An Alzheimer's Hypothesis Based on Dysfunctional Synaptic Plasticity

The lack of progress towards effective therapies for Alzheimer's disease based on clearance of amyloid-β, and the relentless focus on that goal for the past two decades, has led to a great deal of alternative theorizing about the mechanisms driving the condition. Some of those theories are less well thought of than others, such as the opinion that rising use of common painkillers is the root cause of Alzheimer's. The paper here provides another example of a view of Alzheimer's disease that probably won't gain much traction in the present environment, but is nonetheless an interesting read. The sheer complexity of the aging brain still allows a great deal of room to interpret the same data in many different ways. The only real proof lies in developing a therapy that does actually produce meaningful results in humans. We can hope that first generation senolytics turn out to be that therapy, but time will tell.

Numerous studies have been attempted to link Alzheimer's disease (AD)-related molecules to the pathogenesis of AD: APOE ε4-associated mechanisms such as amyloid-β (Aβ) clearance and aggregation, cerebral energy metabolism, neuroinflammation, neurovascular function, and synaptic plasticity, and presenilin-related ones such as Aβ production, calcium homeostasis, and neurogenesis. Such heterogeneous and multiple mechanistic pathways may work cumulatively over a lifetime to increase an individual's risk of AD. Nonetheless, the pathogenesis hypothesis needs to make logical connections with several confirmed findings, that is, the existence of both amyloid plaques (APs) and neurofibrillary tangles (NFTs), anatomical characteristics of neurodegeneration. The amyloid hypothesis has long been at the center of discussions. Aβ is believed to be toxic to neurons and have various mechanisms of action.

As an alternative to the Aβ hypothesis, in this paper, I propose that excessive (or aberrant) and maladaptive synaptic plasticity is the cause of AD. Previously, plasticity failure was proposed as a cause of AD. In that hypothesis, AD results if the demand for plastic remodeling exceeds the biological capacity to fulfill it: Familial Alzheimer's disease (FAD)-causing mutations of APP increase the demand for plastic remodeling by shifting the balance of its processing toward more toxic form of Aβ. Another example is the malignant synaptic growth hypothesis, which suggests that AD develops if the positive feedback mechanism during synaptic modification is dysregulated. The authors suggest that Aβ prevents neurons from malignant synaptic growth by impairing the function of plasticity-related synaptic molecules and that FAD-linked mutations produce types of Aβ which have a weaker neuroprotective effect against it. Further, network abnormalities have also been discussed as potential mechanisms of cognitive dysfunction in AD. In these papers, Aβ is considered to be a central molecule causing network abnormalities.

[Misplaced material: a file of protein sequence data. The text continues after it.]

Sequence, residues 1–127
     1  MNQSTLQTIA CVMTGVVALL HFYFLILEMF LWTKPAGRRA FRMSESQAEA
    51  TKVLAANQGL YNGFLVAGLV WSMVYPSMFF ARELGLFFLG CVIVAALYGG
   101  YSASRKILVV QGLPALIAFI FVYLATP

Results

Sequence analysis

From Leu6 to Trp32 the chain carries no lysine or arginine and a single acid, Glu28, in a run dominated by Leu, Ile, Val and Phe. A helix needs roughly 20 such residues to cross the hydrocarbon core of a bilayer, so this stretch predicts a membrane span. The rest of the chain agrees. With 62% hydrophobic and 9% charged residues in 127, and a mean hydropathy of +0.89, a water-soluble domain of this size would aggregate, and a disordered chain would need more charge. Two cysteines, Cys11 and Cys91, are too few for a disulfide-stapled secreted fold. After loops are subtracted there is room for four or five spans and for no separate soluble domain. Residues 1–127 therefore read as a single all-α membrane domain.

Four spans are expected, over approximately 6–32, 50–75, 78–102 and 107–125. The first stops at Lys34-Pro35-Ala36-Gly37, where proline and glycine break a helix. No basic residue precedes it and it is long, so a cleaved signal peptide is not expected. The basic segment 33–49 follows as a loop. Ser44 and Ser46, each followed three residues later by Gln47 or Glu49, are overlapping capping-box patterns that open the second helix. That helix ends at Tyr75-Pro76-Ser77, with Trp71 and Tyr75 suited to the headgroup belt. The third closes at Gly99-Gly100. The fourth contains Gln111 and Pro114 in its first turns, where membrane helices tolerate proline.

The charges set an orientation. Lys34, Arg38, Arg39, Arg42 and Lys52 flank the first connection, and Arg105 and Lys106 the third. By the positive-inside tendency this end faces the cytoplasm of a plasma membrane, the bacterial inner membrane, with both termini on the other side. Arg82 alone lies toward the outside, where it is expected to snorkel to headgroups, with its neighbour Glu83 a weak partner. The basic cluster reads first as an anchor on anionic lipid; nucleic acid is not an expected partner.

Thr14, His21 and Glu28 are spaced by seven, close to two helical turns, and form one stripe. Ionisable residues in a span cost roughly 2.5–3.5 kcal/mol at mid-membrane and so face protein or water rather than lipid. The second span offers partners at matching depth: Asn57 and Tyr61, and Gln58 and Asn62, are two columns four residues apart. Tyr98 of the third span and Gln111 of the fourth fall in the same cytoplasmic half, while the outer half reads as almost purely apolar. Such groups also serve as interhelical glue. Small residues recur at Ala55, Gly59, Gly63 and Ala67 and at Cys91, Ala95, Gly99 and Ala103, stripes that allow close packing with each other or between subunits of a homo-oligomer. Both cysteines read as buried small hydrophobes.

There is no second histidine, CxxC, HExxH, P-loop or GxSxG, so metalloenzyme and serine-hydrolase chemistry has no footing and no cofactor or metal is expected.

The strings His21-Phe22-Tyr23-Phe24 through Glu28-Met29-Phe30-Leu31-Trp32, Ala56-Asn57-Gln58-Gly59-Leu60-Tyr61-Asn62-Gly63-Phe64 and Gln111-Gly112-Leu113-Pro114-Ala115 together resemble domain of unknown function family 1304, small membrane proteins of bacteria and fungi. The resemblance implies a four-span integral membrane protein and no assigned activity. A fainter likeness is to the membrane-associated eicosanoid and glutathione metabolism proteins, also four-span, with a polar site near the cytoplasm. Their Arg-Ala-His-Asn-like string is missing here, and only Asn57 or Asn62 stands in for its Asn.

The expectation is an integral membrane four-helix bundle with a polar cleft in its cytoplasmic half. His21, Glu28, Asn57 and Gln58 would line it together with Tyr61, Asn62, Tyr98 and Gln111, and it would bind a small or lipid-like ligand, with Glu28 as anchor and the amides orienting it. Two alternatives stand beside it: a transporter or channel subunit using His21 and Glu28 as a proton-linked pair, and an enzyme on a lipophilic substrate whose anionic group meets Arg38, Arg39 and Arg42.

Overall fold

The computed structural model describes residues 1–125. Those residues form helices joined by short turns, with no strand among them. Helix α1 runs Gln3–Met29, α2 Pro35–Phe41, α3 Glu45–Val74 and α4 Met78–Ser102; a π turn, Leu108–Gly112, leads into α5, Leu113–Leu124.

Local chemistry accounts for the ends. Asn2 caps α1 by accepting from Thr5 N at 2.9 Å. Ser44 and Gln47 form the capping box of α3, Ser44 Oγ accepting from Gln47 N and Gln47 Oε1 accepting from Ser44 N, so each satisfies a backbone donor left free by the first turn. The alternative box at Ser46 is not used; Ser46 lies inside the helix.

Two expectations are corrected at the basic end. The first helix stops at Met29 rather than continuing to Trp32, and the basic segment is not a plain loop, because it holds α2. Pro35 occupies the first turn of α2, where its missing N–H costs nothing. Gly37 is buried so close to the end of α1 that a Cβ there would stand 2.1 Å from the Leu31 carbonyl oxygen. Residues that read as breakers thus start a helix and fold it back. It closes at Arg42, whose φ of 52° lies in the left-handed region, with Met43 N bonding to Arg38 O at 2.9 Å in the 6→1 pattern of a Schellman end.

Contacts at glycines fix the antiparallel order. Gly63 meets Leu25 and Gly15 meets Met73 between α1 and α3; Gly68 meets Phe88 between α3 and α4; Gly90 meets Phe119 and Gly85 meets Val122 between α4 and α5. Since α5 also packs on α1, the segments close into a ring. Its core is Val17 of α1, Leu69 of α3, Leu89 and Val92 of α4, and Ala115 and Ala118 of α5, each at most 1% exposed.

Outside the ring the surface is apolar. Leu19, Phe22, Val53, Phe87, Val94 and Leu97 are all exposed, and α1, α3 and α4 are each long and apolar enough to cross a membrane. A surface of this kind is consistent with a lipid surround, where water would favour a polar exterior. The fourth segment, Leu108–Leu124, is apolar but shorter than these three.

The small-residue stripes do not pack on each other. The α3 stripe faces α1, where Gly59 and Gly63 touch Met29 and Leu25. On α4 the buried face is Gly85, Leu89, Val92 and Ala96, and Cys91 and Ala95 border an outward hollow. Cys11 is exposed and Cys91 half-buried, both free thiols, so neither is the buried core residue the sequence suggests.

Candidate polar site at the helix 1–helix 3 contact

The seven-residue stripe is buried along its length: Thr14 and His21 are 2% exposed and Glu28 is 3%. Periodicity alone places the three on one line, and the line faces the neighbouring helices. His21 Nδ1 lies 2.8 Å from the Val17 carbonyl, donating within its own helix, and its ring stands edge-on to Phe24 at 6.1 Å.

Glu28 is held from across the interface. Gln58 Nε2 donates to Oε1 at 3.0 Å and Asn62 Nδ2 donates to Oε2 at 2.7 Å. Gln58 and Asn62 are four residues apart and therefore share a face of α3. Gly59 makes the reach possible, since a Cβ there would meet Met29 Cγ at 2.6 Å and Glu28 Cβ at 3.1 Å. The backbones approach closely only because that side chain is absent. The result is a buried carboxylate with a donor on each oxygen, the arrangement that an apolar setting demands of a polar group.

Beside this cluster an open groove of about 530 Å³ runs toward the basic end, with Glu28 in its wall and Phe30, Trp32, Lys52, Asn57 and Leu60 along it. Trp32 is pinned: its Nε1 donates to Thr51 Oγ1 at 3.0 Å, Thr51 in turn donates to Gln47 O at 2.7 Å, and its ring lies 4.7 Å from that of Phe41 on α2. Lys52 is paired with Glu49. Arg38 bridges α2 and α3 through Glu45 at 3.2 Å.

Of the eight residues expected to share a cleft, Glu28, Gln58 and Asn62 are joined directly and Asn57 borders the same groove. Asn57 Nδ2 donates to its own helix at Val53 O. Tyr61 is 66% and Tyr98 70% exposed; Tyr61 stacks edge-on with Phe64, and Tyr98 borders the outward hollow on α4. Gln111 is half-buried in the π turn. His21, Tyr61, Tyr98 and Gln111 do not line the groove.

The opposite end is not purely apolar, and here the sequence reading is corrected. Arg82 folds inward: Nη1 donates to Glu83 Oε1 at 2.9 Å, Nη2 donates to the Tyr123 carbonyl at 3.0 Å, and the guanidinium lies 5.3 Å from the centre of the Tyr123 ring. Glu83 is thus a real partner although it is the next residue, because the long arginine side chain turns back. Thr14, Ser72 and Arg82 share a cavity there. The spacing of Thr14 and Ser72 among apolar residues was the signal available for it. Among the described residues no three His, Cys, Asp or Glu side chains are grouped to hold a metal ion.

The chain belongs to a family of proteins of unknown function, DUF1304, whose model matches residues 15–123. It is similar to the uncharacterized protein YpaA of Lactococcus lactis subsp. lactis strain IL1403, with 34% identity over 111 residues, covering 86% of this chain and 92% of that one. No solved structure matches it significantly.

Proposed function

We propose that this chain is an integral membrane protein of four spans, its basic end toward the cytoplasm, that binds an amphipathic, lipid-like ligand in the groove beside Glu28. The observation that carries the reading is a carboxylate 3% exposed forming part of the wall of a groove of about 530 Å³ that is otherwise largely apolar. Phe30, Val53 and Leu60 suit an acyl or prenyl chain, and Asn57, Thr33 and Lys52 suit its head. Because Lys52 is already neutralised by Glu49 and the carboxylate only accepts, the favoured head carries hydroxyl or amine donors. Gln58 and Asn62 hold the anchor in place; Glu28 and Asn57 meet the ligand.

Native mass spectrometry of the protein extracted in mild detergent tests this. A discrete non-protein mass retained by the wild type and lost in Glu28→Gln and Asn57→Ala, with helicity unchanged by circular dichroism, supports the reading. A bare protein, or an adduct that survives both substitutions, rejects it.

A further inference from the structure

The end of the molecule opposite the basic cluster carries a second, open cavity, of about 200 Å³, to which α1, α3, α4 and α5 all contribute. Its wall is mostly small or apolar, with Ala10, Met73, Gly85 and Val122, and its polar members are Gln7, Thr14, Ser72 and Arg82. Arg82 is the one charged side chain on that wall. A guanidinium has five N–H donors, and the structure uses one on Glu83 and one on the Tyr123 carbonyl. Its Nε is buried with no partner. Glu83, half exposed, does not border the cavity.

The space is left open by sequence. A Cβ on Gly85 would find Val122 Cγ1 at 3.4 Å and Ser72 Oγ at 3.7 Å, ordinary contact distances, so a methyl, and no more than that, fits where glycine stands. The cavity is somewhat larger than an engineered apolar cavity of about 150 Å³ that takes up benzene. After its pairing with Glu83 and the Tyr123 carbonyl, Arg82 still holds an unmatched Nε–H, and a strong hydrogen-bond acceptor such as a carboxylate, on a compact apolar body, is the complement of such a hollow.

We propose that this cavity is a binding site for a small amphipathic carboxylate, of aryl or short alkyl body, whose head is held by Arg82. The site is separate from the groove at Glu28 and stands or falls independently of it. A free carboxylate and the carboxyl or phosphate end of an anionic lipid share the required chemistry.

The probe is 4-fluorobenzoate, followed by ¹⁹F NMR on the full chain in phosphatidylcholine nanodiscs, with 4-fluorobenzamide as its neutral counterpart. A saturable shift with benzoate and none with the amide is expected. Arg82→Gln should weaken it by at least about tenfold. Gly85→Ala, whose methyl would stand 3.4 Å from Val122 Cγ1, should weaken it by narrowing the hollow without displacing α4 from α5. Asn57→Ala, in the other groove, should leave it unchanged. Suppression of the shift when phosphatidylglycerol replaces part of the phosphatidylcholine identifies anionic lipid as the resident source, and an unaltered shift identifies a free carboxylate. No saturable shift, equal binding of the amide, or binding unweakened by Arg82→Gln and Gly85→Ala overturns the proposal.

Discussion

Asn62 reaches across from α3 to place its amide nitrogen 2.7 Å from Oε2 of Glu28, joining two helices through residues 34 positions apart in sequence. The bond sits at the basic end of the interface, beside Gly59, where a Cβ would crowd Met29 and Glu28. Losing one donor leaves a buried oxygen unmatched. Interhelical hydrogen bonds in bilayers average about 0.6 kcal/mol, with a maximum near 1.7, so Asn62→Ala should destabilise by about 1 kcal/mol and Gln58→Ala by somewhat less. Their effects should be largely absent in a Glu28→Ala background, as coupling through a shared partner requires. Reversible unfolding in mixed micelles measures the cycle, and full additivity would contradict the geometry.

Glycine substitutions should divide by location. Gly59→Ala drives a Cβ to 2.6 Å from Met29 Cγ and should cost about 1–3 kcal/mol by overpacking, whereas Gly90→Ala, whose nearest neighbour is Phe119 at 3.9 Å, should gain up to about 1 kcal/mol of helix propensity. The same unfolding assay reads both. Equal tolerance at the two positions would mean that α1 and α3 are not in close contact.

In contrast to the previous discussions, the hypothesis proposed here states that excessive/aberrant synaptic plasticity is a root cause for cognitive dysfunction in AD and that cognitive dysfunction is developed through maladaptive neuronal connections, hyperexcitability of neuronal network and abnormal process of synaptic remodeling. APP is a key player in synaptic plasticity, and in FAD, the mutant APP or presenilin leads to aberrant plasticity through altered APP metabolism and function, which initially manifest as neuronal network abnormalities.

Decades of research do not necessarily support only the amyloid hypothesis, but also can be utilized to hypothesize excessive/aberrant and maladaptive synaptic plasticity as the cause of AD. If this hypothesis is correct, an important goal aimed at delaying the onset of AD and slowing or halting the disease progression is to find ways to adaptively regulate synaptic remodeling without interfering with necessary changes. This requires an understanding of the fundamental mechanism of synapse dynamics, and the characteristics of the stage of synaptic plasticity (formation, maturation, or elimination) at which a person developing AD is affected. Because of heterogeneity between individuals, identifying the stage of synaptic plasticity at which individuals are prone to error is a prerequisite for providing each person the appropriate intervention.


Comment Submission

Post a comment; thoughtful, considered opinions are valued. New comments can be edited for a few minutes following submission. Comments incorporating ad hominem attacks, advertising, and other forms of inappropriate behavior are likely to be deleted.

Note that there is a comment feed for those who like to keep up with conversations.